Being Free & Responsible


Sept. 30, 2012, 5:45 p.m. Published in Magazine Issue: Vol. : 06 No.-08 Sept. 28-2012 (Ashoj 12, 2069)

What is freedom of expression? Without the freedom to offend, it ceases to exist.


These words by Salman Rushdie should have been taken a bit too much seriously by some people, especially Manish Harijan, who is now very famous for offending sensitive communities via his artistic expressions. And now that he received death threats, his supporters protested with their lips sealed with tape, hands handcuffed and raised, demanding his safety and fostering his freedom of expression.


Harijan boldly displayed his artwork which consisted of paintings of various Hindu deities blended into images of western superheroes.  What he claimed to want to prove was the influence of the West in our lives. But what he ended up doing defamed him, brought him accusation of blasphemy and reflected our vulnerability to sensitive issues like these at the time when some in the nation had just almost finished dealing with the Buddha imprinted shoes.


While Harijan and his supporters do have a soft place for artists and their freedom to express, many apparently still do not. More often than not, people have been criticizing him. His supporters should indeed know that if even a personality like MF Hussain was exiled from his country for similar reasons, what Harijan did has left an open debate about the credibility of his death threats. However, thanks to liberal minds, he needn’t face what Hussain did.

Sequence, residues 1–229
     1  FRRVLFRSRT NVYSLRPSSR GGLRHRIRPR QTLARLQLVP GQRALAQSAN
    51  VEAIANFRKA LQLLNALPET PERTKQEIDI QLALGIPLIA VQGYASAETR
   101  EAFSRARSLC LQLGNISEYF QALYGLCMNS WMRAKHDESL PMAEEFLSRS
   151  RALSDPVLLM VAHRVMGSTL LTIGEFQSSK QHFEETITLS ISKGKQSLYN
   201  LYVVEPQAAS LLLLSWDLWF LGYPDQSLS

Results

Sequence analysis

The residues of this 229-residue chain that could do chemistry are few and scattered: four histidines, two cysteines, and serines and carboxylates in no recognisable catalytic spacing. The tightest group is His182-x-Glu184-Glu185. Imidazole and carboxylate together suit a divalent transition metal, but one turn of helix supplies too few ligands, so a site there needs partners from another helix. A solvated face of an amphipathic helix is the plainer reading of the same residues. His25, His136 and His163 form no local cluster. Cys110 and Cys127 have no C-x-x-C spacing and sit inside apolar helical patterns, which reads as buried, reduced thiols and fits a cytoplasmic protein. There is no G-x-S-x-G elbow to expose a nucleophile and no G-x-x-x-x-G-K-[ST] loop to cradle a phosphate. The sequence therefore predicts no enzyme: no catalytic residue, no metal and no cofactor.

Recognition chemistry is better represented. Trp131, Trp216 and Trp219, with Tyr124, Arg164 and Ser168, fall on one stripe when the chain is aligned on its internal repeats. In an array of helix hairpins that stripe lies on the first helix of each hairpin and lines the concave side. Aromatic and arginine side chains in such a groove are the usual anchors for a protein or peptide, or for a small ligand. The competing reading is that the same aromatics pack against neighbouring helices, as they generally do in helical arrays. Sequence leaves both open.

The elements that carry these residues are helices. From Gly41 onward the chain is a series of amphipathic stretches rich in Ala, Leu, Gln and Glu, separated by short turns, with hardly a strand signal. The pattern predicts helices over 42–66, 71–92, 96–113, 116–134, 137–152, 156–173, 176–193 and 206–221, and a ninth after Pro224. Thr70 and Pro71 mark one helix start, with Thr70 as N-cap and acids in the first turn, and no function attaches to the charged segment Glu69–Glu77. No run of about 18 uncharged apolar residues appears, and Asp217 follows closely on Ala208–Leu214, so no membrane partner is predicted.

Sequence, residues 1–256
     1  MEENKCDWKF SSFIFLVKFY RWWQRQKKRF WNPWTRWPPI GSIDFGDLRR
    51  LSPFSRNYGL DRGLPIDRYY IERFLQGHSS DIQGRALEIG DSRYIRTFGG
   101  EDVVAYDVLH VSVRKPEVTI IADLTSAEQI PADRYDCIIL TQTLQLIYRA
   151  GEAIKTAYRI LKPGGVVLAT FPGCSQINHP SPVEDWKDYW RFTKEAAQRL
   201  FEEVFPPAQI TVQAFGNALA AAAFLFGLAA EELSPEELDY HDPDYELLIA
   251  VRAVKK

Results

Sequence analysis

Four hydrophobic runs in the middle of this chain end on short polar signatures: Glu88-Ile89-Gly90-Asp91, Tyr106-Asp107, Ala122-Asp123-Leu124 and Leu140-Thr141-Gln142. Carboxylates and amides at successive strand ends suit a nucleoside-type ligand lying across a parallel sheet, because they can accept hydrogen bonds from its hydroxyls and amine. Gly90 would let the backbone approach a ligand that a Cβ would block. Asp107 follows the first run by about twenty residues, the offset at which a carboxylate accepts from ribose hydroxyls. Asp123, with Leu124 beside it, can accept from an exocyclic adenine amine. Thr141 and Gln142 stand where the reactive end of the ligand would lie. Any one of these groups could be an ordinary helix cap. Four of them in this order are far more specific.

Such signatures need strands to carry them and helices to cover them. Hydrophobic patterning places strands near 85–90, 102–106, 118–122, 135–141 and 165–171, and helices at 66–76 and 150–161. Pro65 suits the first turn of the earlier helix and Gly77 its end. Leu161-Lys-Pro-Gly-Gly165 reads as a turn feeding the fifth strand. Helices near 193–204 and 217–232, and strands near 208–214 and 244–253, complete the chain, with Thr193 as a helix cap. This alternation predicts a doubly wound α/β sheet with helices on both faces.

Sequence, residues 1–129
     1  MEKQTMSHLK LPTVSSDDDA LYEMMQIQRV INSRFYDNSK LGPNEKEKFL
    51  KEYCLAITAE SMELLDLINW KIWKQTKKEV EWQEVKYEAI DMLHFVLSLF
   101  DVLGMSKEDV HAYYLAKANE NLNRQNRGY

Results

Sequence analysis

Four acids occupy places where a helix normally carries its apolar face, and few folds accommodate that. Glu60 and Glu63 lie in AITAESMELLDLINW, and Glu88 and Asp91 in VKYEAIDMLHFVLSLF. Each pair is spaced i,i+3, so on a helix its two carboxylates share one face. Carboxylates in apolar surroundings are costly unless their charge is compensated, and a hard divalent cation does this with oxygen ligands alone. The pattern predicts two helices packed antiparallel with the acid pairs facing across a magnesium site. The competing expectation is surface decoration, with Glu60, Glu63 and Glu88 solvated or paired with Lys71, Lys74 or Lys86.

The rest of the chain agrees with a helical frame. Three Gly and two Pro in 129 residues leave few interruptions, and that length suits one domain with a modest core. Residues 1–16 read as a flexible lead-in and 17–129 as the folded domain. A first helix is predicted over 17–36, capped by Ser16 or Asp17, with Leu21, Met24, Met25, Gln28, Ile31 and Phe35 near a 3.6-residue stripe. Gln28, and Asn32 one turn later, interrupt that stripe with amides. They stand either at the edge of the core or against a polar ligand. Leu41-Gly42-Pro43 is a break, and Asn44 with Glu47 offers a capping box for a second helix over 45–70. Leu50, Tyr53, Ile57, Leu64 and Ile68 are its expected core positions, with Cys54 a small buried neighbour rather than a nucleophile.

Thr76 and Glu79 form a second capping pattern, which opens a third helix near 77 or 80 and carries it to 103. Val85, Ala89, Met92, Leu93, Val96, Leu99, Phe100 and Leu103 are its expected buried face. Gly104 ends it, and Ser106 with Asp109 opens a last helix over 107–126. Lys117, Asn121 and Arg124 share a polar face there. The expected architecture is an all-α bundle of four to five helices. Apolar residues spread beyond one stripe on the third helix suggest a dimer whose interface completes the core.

Another burning example could be the protests and demonstrations after ‘Innocence of Muslims’ all around the world. The killing of US ambassador in Libya, destruction of US properties in other countries like Pakistan and Iraq and similar instances show immediately how people are sensitive when it comes to religion. Religion is a very fragile issue and expressers have to refrain from treating it harshly. However, working to eradicate bad traditions via expressing concern in writings, paintings and cinemas is a must. This, as the only step to reform, has always remained a successful strategy.


On another note, freedom of expression has indeed played a pivotal role in development, be it on social networking sites or otherwise. Stories of rulers overthrown with protests and demonstrations aren’t unheard of.  Women in conservative countries have been rebelling and posting their videos, and this has indeed helped laws to reform, or at the least has helped the authorities be aware of slowly coming changes. Keeping this in mind, one should know how to use it and not violate it. Part of “being free” includes being responsible.  Being responsible includes making choices.  Just because you can do something doesn’t mean you have to do something. Or if you have to do it, you should do it with care.


Lastly, what Salman Rushdie said and implied has resulted in a fatwa on him, and looking from my point of view, that isn’t a very impressive situation to be in.

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